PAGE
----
Planning with Native Communities an Evaluation of Participatory Planning Practices in Quebec’s Cree Communities
Référence bibliographique 
Kastelberger, Lisa. 2009. «Planning with Native Communities an Evaluation of Participatory Planning Practices in Quebec’s Cree Communities». Mémoire de maîtrise, Montréal, Université McGill, École d’urbanisme.
Intentions : «This research is intended to serve as a resource for participatory planning strategies with Native communities. It is aimed at researchers and professionals who are involved in the planning and design of development projects in Quebec and throughout Canada. The research objectives are as follows: (1) To understand the interrelation of Native ways of life and the built environment; (2) To analyze the methods and strategies used to facilitate consultation with and participation from the Native communities of Chisasibi and Ouje-Bougoumou; (3) To inform researchers and professionals on the values of participatory planning, as well as assist them in the application of participatory planning strategies in future projects with Native communities.» (p. 8)
Questions/Hypothèses : «This research explores the nature and extent of participatory planning in Quebec’s Cree communities, through the following research question: Can culturally-sensitive environments be achieved through effective consultation and participation with the Cree during the planning process? Moreover, what is the role of the Native person in the consultation process? What is the role of the professional in the consultation process?» (p. 7)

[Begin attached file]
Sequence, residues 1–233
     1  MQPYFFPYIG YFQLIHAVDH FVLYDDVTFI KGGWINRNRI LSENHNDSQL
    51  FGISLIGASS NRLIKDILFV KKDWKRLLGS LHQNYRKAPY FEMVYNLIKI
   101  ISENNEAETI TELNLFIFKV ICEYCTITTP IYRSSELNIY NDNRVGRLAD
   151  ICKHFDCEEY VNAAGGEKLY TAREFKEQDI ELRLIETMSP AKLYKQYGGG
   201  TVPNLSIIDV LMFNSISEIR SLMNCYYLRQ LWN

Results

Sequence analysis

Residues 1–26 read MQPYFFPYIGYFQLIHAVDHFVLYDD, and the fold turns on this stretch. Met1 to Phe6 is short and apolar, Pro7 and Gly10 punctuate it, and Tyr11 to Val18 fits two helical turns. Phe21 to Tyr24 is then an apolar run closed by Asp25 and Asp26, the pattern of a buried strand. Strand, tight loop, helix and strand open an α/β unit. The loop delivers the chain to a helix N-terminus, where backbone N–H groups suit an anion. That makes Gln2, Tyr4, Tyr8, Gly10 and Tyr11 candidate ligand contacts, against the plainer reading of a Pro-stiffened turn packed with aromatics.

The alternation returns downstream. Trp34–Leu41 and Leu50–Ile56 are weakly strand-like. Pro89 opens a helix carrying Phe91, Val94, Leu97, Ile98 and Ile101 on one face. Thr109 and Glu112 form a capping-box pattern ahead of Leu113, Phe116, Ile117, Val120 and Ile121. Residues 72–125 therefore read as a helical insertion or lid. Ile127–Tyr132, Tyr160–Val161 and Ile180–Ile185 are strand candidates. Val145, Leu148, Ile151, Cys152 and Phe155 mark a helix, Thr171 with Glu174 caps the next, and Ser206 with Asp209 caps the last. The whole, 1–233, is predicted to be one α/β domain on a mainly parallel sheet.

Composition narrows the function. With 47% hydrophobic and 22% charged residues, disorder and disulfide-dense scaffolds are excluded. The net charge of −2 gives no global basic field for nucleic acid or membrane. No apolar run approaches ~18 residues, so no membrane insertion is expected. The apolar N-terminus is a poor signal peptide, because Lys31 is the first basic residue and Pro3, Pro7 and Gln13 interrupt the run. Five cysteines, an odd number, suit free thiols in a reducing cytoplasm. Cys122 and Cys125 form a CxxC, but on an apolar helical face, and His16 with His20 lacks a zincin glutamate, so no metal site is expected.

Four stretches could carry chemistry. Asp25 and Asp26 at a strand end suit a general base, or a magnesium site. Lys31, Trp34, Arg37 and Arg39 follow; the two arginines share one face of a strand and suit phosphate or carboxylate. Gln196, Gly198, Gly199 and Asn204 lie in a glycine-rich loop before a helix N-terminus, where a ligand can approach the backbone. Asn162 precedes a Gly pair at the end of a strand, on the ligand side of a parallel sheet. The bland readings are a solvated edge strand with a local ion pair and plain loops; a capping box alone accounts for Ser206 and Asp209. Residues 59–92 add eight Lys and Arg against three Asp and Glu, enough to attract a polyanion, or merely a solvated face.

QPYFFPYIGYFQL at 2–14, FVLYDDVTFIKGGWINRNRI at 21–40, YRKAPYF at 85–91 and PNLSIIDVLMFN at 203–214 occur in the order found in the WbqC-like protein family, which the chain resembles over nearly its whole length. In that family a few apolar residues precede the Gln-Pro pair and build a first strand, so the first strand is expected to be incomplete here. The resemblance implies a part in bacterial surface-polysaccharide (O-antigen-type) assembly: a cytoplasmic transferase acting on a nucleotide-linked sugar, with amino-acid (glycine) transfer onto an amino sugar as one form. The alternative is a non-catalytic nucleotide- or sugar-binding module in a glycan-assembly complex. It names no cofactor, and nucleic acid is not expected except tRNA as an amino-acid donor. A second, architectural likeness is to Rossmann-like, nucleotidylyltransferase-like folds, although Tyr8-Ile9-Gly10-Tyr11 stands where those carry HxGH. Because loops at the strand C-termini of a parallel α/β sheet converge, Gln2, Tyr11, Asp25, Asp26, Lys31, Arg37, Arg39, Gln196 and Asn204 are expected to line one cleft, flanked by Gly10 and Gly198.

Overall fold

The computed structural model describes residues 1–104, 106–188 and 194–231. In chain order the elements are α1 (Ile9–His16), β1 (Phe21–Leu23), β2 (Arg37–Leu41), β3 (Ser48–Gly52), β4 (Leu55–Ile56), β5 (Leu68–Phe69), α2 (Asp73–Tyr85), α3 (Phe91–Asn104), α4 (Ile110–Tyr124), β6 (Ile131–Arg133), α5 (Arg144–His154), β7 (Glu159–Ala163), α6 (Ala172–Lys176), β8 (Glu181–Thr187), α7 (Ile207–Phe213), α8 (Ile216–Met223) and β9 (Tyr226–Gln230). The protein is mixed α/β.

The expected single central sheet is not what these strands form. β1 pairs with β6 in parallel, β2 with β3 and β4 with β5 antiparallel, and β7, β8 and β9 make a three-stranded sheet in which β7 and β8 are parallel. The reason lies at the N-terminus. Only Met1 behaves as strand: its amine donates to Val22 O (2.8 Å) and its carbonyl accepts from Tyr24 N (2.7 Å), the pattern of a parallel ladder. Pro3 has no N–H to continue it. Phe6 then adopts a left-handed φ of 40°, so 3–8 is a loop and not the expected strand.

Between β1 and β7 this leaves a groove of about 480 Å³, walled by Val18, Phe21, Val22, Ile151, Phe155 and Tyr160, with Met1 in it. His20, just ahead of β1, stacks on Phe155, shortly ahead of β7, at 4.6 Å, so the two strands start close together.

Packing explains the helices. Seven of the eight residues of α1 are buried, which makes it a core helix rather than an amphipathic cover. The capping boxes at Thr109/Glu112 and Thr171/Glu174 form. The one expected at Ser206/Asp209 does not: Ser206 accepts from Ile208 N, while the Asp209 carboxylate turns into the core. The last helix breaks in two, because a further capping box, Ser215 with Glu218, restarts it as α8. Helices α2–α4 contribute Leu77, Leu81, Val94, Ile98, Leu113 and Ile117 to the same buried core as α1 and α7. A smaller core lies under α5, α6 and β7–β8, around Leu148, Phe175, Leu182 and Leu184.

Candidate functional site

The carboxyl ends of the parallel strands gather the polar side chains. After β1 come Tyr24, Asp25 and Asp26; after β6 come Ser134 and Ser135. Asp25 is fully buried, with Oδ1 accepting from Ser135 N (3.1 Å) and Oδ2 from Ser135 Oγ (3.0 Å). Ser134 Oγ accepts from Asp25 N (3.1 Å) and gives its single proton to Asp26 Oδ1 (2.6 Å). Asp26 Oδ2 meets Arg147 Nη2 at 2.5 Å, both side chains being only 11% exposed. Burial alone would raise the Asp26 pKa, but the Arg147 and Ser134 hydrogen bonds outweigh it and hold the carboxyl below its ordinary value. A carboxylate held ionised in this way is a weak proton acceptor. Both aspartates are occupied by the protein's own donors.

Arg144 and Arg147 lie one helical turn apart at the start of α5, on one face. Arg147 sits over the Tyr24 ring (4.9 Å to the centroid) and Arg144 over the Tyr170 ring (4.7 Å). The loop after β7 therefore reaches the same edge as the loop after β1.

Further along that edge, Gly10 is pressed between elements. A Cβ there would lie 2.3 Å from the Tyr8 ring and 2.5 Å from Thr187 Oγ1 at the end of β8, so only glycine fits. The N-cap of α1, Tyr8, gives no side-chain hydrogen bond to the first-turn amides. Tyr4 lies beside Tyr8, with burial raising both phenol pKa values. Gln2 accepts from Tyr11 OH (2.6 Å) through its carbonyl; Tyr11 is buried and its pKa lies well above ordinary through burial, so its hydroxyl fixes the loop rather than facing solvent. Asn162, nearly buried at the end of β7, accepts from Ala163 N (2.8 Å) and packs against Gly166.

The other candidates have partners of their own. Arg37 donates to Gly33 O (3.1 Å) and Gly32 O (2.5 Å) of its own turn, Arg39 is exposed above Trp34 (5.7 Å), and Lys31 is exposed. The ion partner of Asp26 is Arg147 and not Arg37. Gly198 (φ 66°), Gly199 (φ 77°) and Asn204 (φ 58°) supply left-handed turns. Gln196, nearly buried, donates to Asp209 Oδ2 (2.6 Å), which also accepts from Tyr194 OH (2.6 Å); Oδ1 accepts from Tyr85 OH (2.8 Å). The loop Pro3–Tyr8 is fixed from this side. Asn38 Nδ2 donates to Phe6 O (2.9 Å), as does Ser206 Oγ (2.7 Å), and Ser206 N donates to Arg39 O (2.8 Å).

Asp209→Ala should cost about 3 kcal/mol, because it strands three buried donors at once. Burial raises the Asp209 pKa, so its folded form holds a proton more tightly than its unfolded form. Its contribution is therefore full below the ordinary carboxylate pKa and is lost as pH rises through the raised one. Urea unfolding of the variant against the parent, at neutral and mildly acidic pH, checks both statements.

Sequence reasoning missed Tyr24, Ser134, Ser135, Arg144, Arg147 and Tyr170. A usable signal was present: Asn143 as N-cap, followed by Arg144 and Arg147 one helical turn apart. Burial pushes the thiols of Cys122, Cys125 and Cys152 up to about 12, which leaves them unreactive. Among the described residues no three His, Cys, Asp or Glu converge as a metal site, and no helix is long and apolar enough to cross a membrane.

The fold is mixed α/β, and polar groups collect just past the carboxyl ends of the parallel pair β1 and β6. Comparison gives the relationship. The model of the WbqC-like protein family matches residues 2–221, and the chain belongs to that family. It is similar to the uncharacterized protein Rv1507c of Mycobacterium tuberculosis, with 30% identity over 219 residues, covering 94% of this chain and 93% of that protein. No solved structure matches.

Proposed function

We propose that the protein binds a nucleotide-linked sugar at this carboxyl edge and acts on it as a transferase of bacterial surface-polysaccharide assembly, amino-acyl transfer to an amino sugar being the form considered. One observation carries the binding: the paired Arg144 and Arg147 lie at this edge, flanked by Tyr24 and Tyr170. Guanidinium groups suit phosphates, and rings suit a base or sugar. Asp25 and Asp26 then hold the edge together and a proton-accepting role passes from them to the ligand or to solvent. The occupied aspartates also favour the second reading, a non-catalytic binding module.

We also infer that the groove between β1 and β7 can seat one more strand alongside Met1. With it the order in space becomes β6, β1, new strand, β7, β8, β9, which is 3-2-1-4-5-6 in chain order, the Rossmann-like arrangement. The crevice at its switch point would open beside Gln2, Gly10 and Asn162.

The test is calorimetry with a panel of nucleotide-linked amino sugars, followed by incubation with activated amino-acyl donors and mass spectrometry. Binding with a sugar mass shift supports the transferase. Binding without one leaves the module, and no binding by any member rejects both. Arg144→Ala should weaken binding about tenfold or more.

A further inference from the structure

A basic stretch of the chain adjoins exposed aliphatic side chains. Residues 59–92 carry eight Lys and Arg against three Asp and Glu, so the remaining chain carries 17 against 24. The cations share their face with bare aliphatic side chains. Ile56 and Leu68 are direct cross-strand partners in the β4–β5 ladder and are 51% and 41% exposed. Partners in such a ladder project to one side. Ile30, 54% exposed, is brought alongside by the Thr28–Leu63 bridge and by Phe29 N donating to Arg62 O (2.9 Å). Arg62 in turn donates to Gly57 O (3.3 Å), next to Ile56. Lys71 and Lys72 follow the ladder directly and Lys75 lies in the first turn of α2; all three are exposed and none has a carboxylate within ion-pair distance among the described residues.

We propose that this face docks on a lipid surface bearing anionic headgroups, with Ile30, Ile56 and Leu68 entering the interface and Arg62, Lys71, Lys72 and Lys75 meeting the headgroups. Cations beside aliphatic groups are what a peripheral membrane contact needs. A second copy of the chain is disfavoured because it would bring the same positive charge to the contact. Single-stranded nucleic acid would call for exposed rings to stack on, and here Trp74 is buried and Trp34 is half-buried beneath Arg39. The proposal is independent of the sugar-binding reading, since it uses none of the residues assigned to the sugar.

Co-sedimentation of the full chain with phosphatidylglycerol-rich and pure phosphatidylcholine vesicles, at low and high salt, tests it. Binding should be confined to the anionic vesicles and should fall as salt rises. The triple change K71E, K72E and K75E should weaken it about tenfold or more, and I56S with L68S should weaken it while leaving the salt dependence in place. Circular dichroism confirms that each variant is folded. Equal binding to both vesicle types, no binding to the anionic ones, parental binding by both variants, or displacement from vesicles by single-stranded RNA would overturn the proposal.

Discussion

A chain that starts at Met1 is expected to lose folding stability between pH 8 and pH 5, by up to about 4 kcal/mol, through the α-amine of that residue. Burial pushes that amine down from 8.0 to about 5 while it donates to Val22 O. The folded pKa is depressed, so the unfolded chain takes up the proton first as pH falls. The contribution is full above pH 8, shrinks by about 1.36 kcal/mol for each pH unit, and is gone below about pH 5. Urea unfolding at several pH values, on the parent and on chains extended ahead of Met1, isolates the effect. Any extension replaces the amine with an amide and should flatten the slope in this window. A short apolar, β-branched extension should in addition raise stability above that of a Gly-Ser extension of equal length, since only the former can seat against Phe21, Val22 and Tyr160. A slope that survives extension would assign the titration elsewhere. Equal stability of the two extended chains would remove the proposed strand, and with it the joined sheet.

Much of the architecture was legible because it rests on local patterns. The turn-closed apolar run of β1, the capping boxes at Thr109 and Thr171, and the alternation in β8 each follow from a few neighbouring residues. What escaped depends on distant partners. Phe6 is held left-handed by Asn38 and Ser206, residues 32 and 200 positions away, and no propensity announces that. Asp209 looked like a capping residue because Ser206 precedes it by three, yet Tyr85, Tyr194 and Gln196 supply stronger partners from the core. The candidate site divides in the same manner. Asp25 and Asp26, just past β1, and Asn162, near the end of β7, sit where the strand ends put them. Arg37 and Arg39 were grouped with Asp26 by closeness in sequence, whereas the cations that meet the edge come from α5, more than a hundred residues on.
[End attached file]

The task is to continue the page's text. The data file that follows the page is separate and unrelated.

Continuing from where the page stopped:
Échantillon/Matériau : Données documentaires diverses
Type de traitement des données : Réflexion critique
«The Cree communities in northern Quebec have undergone rapid changes over the last half century. Mainstream Canada’s influences have brought about dramatic changes in the Cree way of life and have impacted the Cree customs, rituals, and traditions. Perhaps most notable is the influence the western lifestyle has had on settlement patterns and living accommodations: in recent decades, Quebec’s Cree populations have shifted from a semi-nomadic lifestyle to a sedentary lifestyle in permanent villages with community designs and housing styles that are often typical of a Canadian suburb.» (p. v) «Through the comparison of two case studies of Cree communities in northern Quebec, this paper has explored the use of participatory planning strategies for developing environments that are well-suited for their users. The report has focused on the extent to which culturally-sensitive environments could be achieved through effective participation with the Native populations during the planning process. More specifically, the research has explored the roles of the Native people and the professionals in the participatory planning process.» (p. 129) Note : La structure familiale de ces communautés est abordée dans ce mémoire.